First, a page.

Though our own job experiences and research studies demonstrate the crucial roles of leaders and cultures, efforts to enrich them lag behind in too many organizations. Practices like power sharing and two-way communication, and concerns about diversity and trust issues, suggest a range of organizational cultures. At one end lies “broken cultures,” characterized by competing professional silos, top-down communication, controlling leaders who don’t walk the talk, self-interests, political strife, cynicism and so forth.
At the other end are “cultures for communication,” which embody an open communication system where: Information and best practices are widely shared, listening is valorized, two-way and multiple channels are the norm, employees feel free to speak up without fear of retribution, decision-making is widely shared in teams and work units, and leaders support and value communication. Most cultures fall somewhere between these two types.
Bottom line: The NACM study confirms previous report card findings. Some cultures don’t support two-way communication, shared decision making, diversity and gender equality. In these cultures, trust issues are more likely, and job engagement and satisfaction are lower than desired. Men and women see things differently, as do top leaders versus employees at other levels. Leaders rate their performance and the culture far higher than their employees do.
The Leadership Performance Model, based on statistical modeling of our NACM data, depicts the importance of leadership performance and culture on each other, as well as their effects on work engagement, trust and job satisfaction:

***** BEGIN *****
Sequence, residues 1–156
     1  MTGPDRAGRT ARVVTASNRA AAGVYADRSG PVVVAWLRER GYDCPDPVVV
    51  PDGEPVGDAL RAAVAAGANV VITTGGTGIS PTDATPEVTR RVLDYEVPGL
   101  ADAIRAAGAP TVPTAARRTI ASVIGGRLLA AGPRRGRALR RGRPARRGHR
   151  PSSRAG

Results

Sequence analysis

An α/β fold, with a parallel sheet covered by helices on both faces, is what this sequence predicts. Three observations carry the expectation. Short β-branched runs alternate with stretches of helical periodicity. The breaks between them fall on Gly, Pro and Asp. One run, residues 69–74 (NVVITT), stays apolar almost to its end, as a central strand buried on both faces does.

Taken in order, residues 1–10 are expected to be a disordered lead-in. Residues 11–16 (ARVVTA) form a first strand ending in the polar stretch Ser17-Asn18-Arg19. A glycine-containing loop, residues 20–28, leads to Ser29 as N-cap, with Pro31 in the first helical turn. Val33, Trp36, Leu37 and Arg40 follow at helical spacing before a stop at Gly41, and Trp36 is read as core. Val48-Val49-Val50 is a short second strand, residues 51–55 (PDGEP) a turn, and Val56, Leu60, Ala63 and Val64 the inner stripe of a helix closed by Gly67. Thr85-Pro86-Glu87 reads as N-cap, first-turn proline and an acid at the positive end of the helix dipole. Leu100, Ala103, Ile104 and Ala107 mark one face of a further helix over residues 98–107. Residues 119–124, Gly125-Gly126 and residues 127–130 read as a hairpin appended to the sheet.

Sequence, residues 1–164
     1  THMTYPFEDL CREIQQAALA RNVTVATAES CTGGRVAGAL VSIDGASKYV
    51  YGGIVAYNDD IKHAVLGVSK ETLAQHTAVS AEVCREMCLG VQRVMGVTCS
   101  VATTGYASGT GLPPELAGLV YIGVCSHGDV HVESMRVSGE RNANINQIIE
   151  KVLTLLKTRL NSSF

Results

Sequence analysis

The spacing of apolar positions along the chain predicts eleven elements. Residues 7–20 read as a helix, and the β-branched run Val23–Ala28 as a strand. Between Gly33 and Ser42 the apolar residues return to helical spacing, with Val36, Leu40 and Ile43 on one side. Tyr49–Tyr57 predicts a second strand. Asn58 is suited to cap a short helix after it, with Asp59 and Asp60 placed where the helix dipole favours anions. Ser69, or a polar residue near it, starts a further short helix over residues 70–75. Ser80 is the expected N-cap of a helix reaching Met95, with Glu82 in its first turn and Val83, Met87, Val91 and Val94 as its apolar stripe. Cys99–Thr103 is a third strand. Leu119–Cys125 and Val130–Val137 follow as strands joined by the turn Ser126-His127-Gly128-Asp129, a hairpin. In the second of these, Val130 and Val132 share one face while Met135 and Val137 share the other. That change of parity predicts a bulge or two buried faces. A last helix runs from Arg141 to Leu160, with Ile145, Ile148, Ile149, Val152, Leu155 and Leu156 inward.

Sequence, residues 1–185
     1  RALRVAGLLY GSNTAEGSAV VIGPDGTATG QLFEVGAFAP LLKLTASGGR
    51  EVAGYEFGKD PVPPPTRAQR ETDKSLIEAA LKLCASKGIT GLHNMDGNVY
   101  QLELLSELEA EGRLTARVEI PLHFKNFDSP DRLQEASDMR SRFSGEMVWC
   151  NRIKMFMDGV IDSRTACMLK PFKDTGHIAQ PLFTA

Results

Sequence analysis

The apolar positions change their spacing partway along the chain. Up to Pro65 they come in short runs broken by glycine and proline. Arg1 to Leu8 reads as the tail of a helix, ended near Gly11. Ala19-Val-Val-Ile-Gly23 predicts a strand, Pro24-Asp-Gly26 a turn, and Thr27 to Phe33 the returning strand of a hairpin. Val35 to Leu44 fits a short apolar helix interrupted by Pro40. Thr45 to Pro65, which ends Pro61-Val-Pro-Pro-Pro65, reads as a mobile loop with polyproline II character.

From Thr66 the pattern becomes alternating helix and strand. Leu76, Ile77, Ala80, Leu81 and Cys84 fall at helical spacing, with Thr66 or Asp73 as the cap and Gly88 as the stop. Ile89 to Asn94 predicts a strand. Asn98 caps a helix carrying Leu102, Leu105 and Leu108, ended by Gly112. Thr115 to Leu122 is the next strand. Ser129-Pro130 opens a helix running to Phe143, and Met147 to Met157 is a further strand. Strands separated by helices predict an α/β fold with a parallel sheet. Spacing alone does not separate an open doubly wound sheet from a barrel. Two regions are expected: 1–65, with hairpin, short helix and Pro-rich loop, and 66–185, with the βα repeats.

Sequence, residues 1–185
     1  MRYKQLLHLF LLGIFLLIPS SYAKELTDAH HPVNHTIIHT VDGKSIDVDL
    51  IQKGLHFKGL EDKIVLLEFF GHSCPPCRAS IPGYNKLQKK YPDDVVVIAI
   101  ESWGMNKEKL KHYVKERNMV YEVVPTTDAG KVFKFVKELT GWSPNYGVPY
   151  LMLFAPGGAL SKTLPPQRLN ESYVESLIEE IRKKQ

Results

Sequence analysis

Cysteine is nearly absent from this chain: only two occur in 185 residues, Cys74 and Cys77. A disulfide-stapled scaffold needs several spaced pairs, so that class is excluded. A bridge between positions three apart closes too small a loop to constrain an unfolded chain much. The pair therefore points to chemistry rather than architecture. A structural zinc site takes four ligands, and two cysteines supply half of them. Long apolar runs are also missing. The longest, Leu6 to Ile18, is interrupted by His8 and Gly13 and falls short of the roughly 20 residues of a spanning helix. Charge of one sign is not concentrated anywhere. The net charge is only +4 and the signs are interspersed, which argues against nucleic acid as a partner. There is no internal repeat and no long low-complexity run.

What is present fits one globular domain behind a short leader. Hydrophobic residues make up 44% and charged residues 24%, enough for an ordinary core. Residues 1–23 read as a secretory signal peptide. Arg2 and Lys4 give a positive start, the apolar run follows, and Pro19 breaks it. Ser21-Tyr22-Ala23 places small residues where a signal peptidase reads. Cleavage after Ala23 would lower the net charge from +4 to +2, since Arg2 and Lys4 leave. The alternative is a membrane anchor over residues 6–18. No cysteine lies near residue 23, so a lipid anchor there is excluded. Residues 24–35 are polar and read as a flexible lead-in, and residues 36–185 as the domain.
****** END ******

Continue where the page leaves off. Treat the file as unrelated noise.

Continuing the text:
- Leaders and culture very strongly influence each other.
- Culture very strongly affects engagement and strongly affects trust.
- Leaders very strongly affect engagement and moderately affect trust.
- Engagement very strongly affects both trust and job satisfaction.
- Trust affects job satisfaction.
This suggests two things: First, the type and quality of culture, and the quality of leadership performance, have strong direct and indirect influences on employees and their work engagement, trust and job satisfaction.
The NACM study provides even more evidence because it examines the relative quality of PR departments based on several factors. These include: the leader’s reporting relationship, the type and frequency of information-providing services and the quality of PR leadership. In this regard, 36 percent of participants in the survey worked in excellent PR departments and 64 percent worked in other departments.
Cultural factors in excellent communication departments were rated significantly higher than those in other departments. As a result, employees in excellent departments were more trusting of their organizations, more engaged in their work and more satisfied with their jobs.
Second, leaders at all levels can impact their organization’s culture. Thus, PR leaders must possess cultural awareness and intelligence and the courage to serve as professional change agents — advocates and role models for reducing or eliminating barriers to diversity, gender equality, shared decision making, enhanced two-way communication, and ethical decision making and practices.
We have a leadership role to play in building cultures for communication. We’ve known this for a long time in public relations: Let’s move from knowing and talking to doing.
photo credit: mathisworks